What is the Smallest Blood Vessel in the Human Body?

by Katrina Cain on June 25, 2008

The smallest blood vessels in the human body are capillaries. They are responsible for the absorption of oxygen into the blood stream and for removing the deoxygenated red blood cells for return to the heart and lungs for reoxygenation. To understand capillaries, you need to understand what happens to a red blood cell as it’s being circulated around the body. A red blood cell both brings oxygen to the body’s tissues and carries away the carbon dioxide byproduct from cellular metabolism to ultimately be breathed out as we exhale. First, a deoxygenated red blood cell enters the heart through the superior and inferior vena cava. The deoxygenated blood traveled there by way of capillaries to veins to reach the vena cava. Next, the heart forces these red blood cells through the pulmonary artery into the lungs. When we breathe in, oxygen is attached to the red blood cells. The lungs send this reoxygenated blood back to the heart. The heart via the ascending and descending aorta sends the blood to the rest of the body for use. Capillaries are the site at which oxygen is diffused into the tissues of the body, such as skeletal muscles. All of the cells of all of the tissues in our body need oxygen to perform normal metabolic function. Once they are finished with the oxygen, carbon dioxide is the byproduct which the capillaries take up and funnel into the veins for circulation back to the heart to repeat the cycle. In summary, capillaries are the site of oxygen exchange between the body’s tissues and the blood stream. Capillaries and arteries carry oxygenated red blood cells, and venules and veins carry the deoxygenated blood cells.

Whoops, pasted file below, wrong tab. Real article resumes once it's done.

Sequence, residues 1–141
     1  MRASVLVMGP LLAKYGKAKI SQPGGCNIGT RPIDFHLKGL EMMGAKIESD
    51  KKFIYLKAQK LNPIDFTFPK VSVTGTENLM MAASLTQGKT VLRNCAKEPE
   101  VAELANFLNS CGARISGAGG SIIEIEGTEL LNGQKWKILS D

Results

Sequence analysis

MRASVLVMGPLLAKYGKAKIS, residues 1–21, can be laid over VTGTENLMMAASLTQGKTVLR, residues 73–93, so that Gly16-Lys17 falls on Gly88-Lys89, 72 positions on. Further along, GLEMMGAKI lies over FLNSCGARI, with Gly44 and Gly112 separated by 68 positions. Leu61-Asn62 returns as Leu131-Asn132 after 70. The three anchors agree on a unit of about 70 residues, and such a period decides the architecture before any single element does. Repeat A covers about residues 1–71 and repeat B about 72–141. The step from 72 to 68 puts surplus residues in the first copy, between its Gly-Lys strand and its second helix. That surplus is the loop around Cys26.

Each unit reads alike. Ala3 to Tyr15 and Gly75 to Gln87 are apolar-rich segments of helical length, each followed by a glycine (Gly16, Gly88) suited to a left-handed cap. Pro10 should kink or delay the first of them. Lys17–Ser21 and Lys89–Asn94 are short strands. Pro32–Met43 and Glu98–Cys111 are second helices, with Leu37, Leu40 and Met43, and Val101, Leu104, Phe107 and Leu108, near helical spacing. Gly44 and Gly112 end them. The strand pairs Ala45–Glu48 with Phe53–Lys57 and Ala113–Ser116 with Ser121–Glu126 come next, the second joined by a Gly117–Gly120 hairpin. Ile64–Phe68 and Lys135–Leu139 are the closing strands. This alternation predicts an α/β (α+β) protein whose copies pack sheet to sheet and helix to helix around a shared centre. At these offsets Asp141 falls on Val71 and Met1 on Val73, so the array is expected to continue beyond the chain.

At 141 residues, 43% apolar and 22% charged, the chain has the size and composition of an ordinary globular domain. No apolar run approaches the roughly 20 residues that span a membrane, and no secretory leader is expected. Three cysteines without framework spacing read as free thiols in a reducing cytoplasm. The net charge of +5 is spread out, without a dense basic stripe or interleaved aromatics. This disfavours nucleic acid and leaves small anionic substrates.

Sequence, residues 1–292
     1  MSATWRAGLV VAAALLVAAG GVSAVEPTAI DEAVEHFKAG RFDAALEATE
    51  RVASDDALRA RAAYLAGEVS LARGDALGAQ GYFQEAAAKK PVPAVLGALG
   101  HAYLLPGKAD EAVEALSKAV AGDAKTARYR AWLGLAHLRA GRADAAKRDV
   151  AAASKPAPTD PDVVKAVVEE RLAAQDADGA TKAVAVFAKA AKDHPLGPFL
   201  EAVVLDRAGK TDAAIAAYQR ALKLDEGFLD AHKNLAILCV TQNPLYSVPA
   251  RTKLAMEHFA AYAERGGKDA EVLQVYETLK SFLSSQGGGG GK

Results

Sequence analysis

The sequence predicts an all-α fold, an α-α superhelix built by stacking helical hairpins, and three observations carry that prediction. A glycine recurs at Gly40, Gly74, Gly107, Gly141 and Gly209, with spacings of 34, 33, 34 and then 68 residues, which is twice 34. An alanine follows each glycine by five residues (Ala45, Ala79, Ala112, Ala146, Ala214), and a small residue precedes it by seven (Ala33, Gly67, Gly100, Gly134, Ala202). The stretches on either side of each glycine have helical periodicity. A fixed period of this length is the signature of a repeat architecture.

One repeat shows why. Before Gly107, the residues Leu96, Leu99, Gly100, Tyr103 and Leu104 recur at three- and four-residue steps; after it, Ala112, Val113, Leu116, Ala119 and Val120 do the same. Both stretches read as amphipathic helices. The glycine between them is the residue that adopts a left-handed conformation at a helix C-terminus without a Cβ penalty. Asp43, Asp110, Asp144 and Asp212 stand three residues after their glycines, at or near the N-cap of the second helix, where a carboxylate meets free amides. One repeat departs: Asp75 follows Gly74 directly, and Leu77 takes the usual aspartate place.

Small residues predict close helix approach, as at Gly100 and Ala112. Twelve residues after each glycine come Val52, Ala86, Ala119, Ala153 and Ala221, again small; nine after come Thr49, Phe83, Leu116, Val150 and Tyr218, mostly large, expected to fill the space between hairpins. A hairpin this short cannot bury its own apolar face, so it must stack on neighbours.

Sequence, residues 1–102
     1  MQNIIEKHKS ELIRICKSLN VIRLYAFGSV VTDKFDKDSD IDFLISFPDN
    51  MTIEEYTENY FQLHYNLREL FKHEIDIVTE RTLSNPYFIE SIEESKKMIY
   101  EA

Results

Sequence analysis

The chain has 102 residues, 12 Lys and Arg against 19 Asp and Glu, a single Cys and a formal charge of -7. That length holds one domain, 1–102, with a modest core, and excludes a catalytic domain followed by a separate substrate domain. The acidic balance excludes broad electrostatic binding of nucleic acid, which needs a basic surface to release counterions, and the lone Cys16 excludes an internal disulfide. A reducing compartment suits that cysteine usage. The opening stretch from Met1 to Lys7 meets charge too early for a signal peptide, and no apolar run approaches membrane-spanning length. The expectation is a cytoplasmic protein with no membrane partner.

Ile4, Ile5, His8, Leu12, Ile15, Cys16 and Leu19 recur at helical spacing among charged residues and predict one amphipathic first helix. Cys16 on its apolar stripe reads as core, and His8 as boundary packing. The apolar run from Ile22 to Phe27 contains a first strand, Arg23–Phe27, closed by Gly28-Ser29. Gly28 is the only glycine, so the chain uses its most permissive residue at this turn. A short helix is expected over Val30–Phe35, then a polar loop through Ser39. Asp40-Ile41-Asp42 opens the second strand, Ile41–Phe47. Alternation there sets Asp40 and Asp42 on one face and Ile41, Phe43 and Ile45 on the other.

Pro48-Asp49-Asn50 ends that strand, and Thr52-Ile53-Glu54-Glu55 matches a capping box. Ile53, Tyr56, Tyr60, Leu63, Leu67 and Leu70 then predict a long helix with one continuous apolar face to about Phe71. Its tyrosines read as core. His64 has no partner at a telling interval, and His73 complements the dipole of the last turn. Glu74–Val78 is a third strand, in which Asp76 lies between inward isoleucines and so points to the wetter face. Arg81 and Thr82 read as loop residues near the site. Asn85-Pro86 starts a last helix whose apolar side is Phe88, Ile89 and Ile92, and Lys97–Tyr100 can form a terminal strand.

The smallest capillaries in the body are in the brain. The brain uses an incredible amount of oxygen and therefore needs many blood vessels to bring in this oxygen and carry away the waste. About one liter of blood flows through the brain every minute, carrying with it nutrients and oxygen to fuel the neurons and support cells. The brain uses 20% of the food energy that we consume. Consider that we have neurons that are over one meter long. These are the ones that send impulses from the brain via the spine to our feet. Imagine how much energy it takes to conduct nerve signals to the ends of those neurons, and you can understand why the brain requires so many resources.

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